We have certainly looked at financial instruments that we have rated and analysed them and asked why they were so unstable in some cases. If they were structures built on market value, by definition, we now recognize that they are more inherently unstable. We have been looking at those kind of things and saying how do we tackle that.

Newer and newer products get structured in the market place. How is it a challenge to keep pace with that? On the flip side, is it possible at all to have the depth of information to rate products when risk is sliced, packaged and sliced again. How do you make sense of default happening at the far end of the chain?
Clearly, we focus on where the risks lie and how we want to think about it. That is what forms the criteria for us. What is the scope of the risk we are going to measure and what are the analytical critera that enable us to measure it.

Do you think some instruments will have to go because they are inherently unstable?
That is true. One of the lessons learnt is that there are some instruments that were too market-value dependent or they had triggers that the management could pull and if the management can pull a trigger they may take a default, might devolve and get the benefit of that. And so, those are are the kinds of things we have to stay on task.

Can you name some of those instruments?
CPDO is an example. It is market-value based. [CPDO or Constant Proportion Debt Obligation is a controversial credit derivative that contains a lot of market risk rather than the credit risk that ratings agencies measure. Many CPDO issues plunged during the crisis and brought a bad name to the rating industry.]

What are the challenges over the next one year?
Many regulations are coming up and that will drive change. This is on top of things we have already done.

And do you think rating agencies will emerge unscathed from all this?
If you look at how much of a hit our reputation has taken, I don’t know what unscathed is. Certainly we are under pressure, under the attention, under the spot light. And we have to earn our reputation back. And we will do whatever it takes to regain our reputation.

How rating agencies got discredited
Wall Street underwrote $3.2 trillion worth of home loans to people with bad credit history and unverified income between 2002 and 2007.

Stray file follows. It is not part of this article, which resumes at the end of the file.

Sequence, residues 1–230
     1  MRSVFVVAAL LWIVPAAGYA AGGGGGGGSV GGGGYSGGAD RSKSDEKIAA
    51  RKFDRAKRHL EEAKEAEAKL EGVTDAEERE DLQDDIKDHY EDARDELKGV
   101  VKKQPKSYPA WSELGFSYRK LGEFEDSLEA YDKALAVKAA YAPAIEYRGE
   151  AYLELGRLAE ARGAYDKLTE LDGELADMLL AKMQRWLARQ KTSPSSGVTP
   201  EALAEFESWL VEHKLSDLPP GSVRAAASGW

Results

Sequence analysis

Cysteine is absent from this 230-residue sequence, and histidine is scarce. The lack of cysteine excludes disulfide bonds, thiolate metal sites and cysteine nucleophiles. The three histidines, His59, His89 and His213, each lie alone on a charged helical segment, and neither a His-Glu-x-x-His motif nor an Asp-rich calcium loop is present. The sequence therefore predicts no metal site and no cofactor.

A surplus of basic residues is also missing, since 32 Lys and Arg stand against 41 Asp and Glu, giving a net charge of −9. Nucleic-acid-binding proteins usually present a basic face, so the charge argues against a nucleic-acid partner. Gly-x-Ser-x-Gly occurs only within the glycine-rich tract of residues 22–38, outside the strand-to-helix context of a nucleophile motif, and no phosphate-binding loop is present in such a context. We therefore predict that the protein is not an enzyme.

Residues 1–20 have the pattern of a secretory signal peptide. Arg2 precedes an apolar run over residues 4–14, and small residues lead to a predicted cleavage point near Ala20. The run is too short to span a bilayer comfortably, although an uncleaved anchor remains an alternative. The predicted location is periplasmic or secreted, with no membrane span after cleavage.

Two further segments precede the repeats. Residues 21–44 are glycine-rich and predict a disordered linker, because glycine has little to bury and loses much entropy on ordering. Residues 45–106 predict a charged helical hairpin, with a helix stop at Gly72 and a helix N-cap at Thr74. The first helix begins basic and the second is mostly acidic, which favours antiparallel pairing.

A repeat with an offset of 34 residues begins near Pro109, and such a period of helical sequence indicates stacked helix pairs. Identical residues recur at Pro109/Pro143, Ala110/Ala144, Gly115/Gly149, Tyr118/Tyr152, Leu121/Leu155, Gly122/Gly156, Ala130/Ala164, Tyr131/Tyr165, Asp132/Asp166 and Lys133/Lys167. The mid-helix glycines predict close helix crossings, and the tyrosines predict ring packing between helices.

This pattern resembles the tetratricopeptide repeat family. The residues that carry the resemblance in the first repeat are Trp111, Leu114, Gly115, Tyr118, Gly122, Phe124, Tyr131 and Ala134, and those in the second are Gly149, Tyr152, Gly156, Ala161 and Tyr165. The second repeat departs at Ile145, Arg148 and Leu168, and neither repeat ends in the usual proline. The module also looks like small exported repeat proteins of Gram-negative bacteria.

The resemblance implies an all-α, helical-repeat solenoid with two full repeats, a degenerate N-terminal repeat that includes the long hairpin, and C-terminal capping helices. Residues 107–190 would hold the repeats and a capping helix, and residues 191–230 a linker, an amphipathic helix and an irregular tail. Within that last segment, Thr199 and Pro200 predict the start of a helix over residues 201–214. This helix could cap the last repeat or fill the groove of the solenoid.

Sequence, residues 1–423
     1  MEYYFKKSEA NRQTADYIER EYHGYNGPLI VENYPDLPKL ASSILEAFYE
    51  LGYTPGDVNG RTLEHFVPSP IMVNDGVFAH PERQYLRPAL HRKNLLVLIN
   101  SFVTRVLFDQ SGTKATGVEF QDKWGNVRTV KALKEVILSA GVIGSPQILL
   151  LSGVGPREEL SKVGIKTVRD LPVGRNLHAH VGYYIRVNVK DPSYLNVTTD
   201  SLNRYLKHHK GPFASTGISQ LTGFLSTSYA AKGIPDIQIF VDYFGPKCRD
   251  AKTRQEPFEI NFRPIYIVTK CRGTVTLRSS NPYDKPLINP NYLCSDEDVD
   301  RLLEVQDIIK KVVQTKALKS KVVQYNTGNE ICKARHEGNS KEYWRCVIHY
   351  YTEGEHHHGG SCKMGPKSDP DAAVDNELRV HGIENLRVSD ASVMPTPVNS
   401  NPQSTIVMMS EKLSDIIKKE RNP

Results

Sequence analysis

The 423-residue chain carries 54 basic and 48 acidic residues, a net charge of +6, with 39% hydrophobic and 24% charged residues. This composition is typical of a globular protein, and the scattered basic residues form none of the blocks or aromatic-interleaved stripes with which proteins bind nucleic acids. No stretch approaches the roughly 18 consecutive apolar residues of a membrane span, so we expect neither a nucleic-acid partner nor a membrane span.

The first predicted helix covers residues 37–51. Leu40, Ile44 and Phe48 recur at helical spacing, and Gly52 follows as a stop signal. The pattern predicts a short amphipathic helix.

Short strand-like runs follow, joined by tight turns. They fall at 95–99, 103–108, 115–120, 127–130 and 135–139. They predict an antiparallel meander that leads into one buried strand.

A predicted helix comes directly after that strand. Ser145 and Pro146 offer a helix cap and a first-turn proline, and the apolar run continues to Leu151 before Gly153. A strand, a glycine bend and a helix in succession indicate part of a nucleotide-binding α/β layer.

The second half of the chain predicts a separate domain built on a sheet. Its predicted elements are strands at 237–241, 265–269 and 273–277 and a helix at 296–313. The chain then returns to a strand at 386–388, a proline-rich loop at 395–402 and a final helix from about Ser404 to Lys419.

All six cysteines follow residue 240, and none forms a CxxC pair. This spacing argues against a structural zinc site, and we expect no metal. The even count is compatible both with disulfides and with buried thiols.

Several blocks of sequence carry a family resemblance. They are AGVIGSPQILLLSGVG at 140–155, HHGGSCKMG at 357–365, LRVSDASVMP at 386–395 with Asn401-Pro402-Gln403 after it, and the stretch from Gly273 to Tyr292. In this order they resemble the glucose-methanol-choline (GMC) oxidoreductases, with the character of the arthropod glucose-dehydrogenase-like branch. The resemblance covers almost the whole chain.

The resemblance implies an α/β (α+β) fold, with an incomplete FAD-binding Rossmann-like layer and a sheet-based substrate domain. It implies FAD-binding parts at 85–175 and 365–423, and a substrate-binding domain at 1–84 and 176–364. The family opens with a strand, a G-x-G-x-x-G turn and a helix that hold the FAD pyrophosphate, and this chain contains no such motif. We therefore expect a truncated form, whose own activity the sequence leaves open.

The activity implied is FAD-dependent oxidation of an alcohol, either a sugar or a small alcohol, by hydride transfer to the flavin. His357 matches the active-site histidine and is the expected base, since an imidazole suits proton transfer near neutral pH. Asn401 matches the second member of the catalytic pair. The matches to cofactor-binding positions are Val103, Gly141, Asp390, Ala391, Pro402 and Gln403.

Investment banks pooled much of that debt into structured products and then “shopped” for the best ratings for these instruments.

Top credit rating agencies — Moody’s, Standard & Poor’s, Fitch — assigned top-notch ratings (e-g AAA) to these products, ignoring the quality of borrowers and defaults. Critics said the agencies lowered credit rating standards due to competitive pressure and the fact that they earned their fees from i-banks that sold the products. The disclosures were inadequate too.

The instruments turned to junk in the aftermath of the subprime crisis and the rating agencies lost their credibility. The US, Europe and many other nations are now imposing stiffer regulations on rating agencies.

The new rules of behaviour
Don’t promote complex structured products that are inherently volatile and contain a high level of market risk.

Keep the rating team separate from the sales team to avoid conflict of interest. Don’t rate structures you helped to create.

Decline business if asked to rate favourably.

Disclose the assumptions behind a certain rating, underlying collaterals. Be transparent.

Make ratings comparable across geography, time and asset classes.

Monitor the external environment more closely and change ratings accordingly (for example, when market liquidity comes under stress.)

(This story appears in the 11 September, 2009 issue of Forbes India. To visit our Archives, click here.)